Religious Practices are Healthy for Your Children
January 24, 2019
by David Stevens, MD, MA (Ethics)
I’m in West Palm Beach, Florida as I write this, having just finished a series of talks at the Gregory School of Pharmacy at Palm Beach Atlantic University, a Christian school. I’m enjoying wonderful temperatures and bright sun before I head back to chilly Bristol, Tennessee in a few hours.
My first opportunity to speak was a mission forum for the entire university where I shared my testimony wrapped around my life verse, Matthew 16:24. One of my comments that brought a chuckle was, “If going to church could get you to heaven, I would be there already. I was in more services by the time I was eight than most of you will be in your lifetimes.”
The reason was my dad was an evangelist, and he took my mom, my sister, my brother and I on the road with him when I was two, my brother was one and my sister had just turned four. He bought a used 40-foot house trailer and pulled it behind our Oldsmobile down many a country road. We parked by small churches where he was the revival speaker both morning and evening for 10 days. Then we were on to minister at the next church. When my sister started first grade, we settled in Wilmore, Kentucky but still traveled as a family during the summer to camp meetings where dad was one the evangelists. I attended two or three services a day.
I thought I had a great life. We saw more than half the United States, stopped and visited historic sites between meetings, were part of great children and youth programs and saw God work in individual lives, including mine. At eight years of age when my dad gave an invitation at the end of his sermon, I rushed down a sawdust aisle, knelt at a simple altar built out of two-by-fours and accepted Christ. Numerous people were kneeling there that evening, but my dad left the podium and made a beeline to pray with me.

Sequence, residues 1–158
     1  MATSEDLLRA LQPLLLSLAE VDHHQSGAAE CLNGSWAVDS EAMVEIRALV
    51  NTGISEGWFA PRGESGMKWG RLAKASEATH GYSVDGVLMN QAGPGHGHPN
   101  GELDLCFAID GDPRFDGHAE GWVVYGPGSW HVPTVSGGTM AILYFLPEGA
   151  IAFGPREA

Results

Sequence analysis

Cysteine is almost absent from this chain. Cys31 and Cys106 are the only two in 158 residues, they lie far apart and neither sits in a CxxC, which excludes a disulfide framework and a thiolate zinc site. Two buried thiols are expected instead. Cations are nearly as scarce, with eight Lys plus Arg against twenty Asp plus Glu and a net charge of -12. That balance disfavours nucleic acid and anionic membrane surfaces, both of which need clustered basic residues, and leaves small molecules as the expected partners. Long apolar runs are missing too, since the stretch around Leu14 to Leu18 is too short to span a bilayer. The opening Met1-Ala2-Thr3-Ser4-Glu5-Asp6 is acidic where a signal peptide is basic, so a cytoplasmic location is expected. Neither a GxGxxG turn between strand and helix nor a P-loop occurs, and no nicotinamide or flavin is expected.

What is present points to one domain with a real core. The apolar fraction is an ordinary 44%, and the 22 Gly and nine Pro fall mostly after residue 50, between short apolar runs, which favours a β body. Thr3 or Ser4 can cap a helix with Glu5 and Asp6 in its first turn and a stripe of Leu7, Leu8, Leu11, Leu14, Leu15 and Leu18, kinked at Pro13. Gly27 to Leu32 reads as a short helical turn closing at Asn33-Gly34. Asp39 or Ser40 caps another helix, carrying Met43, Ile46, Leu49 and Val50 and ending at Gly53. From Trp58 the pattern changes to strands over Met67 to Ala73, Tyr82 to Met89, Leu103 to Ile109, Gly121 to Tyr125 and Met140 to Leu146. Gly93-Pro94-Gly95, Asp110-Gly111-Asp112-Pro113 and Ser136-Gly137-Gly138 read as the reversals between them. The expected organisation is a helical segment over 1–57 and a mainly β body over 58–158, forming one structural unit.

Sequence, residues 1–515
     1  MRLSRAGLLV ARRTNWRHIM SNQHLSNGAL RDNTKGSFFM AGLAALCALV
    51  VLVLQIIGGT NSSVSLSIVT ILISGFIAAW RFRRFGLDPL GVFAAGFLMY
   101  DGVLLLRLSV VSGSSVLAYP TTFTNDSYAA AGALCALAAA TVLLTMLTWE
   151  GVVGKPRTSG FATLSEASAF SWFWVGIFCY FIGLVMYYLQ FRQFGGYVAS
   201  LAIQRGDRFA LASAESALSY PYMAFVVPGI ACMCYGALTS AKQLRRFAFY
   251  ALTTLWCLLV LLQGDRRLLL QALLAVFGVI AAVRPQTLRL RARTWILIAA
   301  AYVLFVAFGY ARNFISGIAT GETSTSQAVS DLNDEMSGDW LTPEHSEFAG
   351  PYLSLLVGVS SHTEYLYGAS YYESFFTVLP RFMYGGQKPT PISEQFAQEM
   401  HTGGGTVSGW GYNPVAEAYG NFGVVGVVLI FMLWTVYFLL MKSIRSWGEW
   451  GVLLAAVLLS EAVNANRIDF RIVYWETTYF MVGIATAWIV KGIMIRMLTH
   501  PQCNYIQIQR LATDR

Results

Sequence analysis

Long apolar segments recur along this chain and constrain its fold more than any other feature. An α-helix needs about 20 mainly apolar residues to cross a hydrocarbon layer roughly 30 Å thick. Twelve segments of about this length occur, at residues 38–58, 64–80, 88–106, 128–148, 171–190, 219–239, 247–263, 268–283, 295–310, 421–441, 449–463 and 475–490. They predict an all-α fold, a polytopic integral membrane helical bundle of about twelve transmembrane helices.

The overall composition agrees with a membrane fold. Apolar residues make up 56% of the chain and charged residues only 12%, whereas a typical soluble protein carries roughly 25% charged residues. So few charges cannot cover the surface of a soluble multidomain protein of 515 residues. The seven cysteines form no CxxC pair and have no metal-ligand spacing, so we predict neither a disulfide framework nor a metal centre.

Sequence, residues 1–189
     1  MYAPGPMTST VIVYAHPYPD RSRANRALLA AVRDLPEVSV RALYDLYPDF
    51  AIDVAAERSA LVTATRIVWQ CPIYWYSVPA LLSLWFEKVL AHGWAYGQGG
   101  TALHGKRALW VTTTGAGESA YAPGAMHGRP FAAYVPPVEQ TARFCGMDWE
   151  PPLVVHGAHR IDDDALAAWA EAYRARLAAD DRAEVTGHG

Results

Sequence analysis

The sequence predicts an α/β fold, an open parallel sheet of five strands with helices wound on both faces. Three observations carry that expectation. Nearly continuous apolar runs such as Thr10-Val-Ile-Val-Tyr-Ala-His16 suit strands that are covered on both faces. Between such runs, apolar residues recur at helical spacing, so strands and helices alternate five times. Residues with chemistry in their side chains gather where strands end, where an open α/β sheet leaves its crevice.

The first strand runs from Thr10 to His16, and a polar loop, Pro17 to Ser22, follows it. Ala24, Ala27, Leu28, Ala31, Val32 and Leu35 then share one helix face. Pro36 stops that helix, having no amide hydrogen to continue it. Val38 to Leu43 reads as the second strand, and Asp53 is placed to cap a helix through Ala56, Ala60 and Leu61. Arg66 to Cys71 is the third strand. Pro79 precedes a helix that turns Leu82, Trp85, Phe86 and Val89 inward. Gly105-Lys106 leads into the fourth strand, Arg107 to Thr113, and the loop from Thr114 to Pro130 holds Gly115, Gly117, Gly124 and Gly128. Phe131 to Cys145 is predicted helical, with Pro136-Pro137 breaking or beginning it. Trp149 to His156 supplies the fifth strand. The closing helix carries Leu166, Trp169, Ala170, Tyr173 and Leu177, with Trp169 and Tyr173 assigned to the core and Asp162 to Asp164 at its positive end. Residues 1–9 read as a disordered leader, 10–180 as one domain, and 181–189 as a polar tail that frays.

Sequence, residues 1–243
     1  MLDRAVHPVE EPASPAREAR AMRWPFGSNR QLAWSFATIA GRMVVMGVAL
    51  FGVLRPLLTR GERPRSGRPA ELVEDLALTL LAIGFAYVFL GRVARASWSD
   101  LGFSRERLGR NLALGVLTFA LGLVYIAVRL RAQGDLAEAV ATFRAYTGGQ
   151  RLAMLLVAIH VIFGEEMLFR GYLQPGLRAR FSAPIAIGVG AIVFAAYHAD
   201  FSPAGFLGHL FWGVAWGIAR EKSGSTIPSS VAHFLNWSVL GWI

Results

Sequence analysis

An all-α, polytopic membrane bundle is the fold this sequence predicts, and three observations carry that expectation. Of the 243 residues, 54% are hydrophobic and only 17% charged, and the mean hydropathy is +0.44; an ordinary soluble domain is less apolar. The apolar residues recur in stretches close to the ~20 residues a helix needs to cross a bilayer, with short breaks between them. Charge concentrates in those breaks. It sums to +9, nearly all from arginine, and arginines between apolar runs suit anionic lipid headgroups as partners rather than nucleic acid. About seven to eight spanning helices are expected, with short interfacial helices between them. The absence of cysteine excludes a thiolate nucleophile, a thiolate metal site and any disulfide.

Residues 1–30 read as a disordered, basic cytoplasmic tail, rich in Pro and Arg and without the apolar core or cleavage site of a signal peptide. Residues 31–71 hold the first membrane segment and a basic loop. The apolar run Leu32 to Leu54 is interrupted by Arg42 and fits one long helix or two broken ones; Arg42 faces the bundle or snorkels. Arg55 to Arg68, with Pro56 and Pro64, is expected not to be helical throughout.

Of course, it didn’t end there. During the primary school years, my mom had us in Sunday school and church every week. Youth group was added later. Then I headed off to Hampden Dubose Academy for high school in Florida, a Christian boarding school. We had chapel and vespers each school day, plus three services on Saturday. During my four years at Asbury College in my hometown we had chapel three times a week, along with Sunday services at my home church.
With the increasing scandals in both the Catholic and Protestant churches because of infidelity and child abuse, some would assert my upbringing wasn’t a good thing. Some like Richard Dawkins, the Oxford evolutionary biologist, would go further. He compared a religious upbringing to child abuse. He commented on a child abused by a priest, “Horrible as sexual abuse no doubt was, the damage was arguably less than the long-term psychological damage inflicted by bringing the child up Catholic in the first place.” He made the same claims in his books The God Delusion and Atheism for Children.
I was reminded of those quotes when an important article came to my attention a few weeks ago entitled, “Associations of Religious Upbringing With Subsequent Health and Well-Being From Adolescence to Young Adulthood: An Outcome-Wide Analysis” authored by Ying Chen and Tyler J. VanderWeele of the Harvard T. H. Chan School of Public Health. The article was viewed on the web more than 29,000 times, and it was the journal’s most-read article for more than four weeks.
Dr. VanderWeele is an epidemiologist and son of a CMDA member. I was so impressed with his and his co-author’s study and its applicability to families and to our healthcare practices that I spent a half hour on the phone with Tyler last week. You won’t want to miss that interview on Christian Doctor’s Digest, but let me give you the cliff notes.